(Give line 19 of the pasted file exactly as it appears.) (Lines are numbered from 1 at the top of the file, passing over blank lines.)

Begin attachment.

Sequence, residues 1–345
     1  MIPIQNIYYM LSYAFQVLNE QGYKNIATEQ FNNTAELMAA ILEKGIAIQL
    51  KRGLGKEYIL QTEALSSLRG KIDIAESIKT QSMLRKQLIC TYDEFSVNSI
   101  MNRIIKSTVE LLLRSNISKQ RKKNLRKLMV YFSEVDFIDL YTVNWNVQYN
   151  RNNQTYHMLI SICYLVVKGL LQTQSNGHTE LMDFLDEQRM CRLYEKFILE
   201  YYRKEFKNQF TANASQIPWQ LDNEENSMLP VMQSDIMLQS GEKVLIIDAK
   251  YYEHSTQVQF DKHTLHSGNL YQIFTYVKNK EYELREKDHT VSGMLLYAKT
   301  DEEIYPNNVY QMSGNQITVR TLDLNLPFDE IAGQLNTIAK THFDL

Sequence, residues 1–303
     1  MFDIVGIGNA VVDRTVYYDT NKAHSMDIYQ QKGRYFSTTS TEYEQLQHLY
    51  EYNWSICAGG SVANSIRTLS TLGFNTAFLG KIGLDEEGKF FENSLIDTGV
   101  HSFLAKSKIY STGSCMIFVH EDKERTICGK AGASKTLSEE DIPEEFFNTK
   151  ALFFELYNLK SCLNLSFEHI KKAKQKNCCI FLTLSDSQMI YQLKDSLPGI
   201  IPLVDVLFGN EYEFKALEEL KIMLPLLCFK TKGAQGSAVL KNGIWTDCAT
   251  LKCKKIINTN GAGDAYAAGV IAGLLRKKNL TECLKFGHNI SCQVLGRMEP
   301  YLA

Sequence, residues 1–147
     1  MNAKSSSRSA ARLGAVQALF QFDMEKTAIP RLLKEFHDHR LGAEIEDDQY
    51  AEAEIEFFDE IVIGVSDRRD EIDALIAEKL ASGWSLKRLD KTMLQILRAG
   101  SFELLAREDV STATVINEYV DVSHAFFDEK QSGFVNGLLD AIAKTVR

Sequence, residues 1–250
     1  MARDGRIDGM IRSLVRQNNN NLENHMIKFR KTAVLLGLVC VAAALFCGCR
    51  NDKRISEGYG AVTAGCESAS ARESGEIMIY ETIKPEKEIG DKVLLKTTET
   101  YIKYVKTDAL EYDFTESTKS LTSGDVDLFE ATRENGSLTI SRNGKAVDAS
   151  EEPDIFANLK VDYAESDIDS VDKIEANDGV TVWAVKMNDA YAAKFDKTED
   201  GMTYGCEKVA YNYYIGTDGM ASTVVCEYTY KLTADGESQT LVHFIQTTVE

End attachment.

    51  AEAEIEFFDE IVIGVSDRRD EIDALIAEKL ASGWSLKRLD KTMLQILRAG